Emelianenko-Mitrione bout postponed due to American’s illnessSport February 19, 4:06
OSCE unable to identify perpetrators of cyber attacks against it - secretary generalWorld February 19, 4:02
Russian biathletes win gold in relay at 2017 IBU World Championships in AustriaSport February 18, 18:30
Putin signs decree on recognition of documents given to Donbass peopleRussian Politics & Diplomacy February 18, 17:26
Sberbank CEO says no repeat of crisis in the short termBusiness & Economy February 18, 17:24
Judging by certain statements at Munich Conference, "cold war" is still not over — LavrovRussian Politics & Diplomacy February 18, 15:19
Bout’s lawyers will challenge Court of Appeals’ decision in Supreme Court on February 21Russian Politics & Diplomacy February 18, 7:16
Turkish Minister reproaches NATO for not fulfilling obligations on its south-eastern flankWorld February 18, 7:12
Moody's upgrades outlook on Russia’s sovereign rating to stable from negativeBusiness & Economy February 18, 2:37
MOSCOW, June 15. /TASS/ Scientists from Saint Petersburg University of Informational Technologies, Mechanics, and Optics (ITMO), the Federal Research and Clinical Centre of Physical-Chemical Medicine and MIPT have developed a software for analysis and comparison of DNA sets of microorganisms living in different environments. With the new algorithm, the microflora of a healthy person can be compared with the microflora of a patient, so that the previously unknown pathogenic microorganisms can be detected opening the route for developing aids for personalized medicine. The results of the study have been published in Bioinformatics.
“In the microflora of a patient, it is possible to detect microorganisms associated with a particular disease, such as diabetes, or a predisposition to this disease. This already forms a basis for applying personalized medicine techniques and developing new drugs.”- comments Vladimir Ulyantsev, the lead developer of the algorithm and researcher at the Computer Technologies Laboratory at ITMO University.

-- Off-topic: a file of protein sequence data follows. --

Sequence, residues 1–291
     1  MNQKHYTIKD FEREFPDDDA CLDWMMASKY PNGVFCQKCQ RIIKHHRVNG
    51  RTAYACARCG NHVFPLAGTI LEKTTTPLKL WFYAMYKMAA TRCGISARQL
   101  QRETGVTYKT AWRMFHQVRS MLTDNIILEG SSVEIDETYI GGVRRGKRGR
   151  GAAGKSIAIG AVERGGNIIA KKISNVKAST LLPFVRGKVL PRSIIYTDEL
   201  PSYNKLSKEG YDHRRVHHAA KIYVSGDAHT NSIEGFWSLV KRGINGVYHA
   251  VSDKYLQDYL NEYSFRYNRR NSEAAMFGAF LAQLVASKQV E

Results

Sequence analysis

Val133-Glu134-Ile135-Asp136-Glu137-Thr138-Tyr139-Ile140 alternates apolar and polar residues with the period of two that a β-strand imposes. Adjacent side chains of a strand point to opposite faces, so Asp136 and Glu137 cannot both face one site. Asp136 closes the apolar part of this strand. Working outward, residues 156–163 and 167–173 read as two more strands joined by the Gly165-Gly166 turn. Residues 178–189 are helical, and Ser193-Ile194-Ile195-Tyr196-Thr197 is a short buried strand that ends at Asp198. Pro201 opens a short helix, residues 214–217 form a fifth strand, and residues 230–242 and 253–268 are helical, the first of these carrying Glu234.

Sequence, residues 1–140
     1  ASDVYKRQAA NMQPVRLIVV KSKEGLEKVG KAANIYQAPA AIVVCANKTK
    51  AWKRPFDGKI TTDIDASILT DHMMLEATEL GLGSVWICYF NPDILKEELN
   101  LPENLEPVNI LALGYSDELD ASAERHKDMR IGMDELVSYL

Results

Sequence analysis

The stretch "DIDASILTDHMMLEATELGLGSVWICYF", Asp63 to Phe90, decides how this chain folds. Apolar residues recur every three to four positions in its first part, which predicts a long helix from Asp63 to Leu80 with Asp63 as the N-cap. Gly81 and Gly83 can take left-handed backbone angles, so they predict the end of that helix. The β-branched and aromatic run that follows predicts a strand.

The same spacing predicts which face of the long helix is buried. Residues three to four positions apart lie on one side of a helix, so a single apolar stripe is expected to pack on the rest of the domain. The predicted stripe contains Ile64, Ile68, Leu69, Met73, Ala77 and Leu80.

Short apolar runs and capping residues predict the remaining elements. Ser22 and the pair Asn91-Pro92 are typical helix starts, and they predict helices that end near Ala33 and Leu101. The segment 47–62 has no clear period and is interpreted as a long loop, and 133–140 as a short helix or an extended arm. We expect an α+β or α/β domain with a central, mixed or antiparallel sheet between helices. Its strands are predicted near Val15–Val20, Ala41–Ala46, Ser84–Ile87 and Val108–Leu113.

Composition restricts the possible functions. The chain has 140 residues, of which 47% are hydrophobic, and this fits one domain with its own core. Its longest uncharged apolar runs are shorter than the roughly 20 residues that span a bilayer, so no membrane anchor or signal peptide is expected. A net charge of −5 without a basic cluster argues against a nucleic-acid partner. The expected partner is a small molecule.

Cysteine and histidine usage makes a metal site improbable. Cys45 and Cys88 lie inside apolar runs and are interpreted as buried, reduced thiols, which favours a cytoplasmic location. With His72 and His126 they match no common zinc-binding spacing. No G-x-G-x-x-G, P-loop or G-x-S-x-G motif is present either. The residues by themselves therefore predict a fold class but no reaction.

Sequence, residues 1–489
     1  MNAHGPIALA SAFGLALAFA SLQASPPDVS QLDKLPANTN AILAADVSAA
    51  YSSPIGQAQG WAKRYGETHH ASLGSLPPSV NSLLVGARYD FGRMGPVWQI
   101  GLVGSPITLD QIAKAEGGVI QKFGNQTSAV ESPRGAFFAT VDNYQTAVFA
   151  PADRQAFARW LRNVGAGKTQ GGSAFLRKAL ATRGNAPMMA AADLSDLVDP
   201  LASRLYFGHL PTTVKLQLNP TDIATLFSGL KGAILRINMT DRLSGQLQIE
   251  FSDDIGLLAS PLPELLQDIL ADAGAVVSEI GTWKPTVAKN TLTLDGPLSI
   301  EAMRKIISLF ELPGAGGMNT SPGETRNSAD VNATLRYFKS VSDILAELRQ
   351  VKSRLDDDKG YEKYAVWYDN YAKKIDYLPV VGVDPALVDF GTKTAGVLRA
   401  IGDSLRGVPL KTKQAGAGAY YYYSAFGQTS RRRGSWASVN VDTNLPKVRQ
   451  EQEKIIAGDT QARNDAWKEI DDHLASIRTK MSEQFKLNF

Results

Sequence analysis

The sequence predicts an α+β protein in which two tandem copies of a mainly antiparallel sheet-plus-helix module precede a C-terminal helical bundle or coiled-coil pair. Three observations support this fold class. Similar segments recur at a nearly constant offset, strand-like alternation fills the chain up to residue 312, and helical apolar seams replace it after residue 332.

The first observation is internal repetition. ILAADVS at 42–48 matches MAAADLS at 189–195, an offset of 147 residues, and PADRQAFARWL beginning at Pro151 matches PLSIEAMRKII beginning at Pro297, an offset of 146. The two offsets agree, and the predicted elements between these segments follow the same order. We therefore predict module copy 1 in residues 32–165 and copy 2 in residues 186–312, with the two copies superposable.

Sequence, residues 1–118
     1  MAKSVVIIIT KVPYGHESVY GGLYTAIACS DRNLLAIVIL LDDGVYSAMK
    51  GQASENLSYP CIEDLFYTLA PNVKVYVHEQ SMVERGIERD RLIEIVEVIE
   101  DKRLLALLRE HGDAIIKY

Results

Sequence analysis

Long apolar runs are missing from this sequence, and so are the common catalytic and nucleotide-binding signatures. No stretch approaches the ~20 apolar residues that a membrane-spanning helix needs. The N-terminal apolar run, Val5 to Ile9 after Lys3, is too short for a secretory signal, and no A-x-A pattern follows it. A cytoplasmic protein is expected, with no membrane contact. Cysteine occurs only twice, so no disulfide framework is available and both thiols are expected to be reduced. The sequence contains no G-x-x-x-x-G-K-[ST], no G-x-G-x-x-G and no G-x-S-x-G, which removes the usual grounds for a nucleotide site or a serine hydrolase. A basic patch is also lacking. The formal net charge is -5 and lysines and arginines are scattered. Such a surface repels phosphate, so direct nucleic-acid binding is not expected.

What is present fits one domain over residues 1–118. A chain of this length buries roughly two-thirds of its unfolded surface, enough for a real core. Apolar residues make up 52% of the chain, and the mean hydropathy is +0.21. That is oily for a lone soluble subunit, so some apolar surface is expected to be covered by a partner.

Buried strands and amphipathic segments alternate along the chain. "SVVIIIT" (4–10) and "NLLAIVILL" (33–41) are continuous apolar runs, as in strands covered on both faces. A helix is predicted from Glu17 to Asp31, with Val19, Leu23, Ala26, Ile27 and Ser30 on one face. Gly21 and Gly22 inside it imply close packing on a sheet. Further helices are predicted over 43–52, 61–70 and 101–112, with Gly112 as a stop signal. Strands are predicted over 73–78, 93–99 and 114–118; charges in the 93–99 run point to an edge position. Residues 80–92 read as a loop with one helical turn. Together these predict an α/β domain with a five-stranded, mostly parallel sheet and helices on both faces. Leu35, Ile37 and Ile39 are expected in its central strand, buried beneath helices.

The newly developed software MetaFast is able to conduct a rapid comparative analysis of large amounts of metagenomes and to reveal pathogenic microorganisms without extraction and cultivation procedures. Metagenome is a collection of genes of all microorganisms living in a given environment, e.g. in a human bowel. Analyzing the metagenome, one could indicate various diseases or predispositions to such diseases. Therefore, studying microbiota, i.e. the full range of microorganisms inhabiting different parts of the human body, is of crucial importance in metagenomic research.
The newly developed approach allows to find all possible genes even previously unknown ones and at the same time to identify metagenomic patterns that distinguish one patient from another, e.g. people with and without a disease. In the modern world, there is no database collecting all the microorganisms accosiated with particular diseases, hence the MetaFast could facilitate establishing such cause-and-effect relations.
MetaFast is not limited to detecting pathogenic microorganisms. For example, the program can also be used to compare metagenomes of authentic people in closed populations with people living in cities to identify bacterial strains that are extremely useful to humans, but have been lost in the course of urbanization. The scientists have reported, that the MetaFast has demonstrated a high efficiency in studying rare and undiscovered metagenomes.
Nowadays, scientists from all over the world have already gathered a vast amount of experimental data on various metagenomes. This implies the particular importance of developing appropriate software for metagenome data analysis.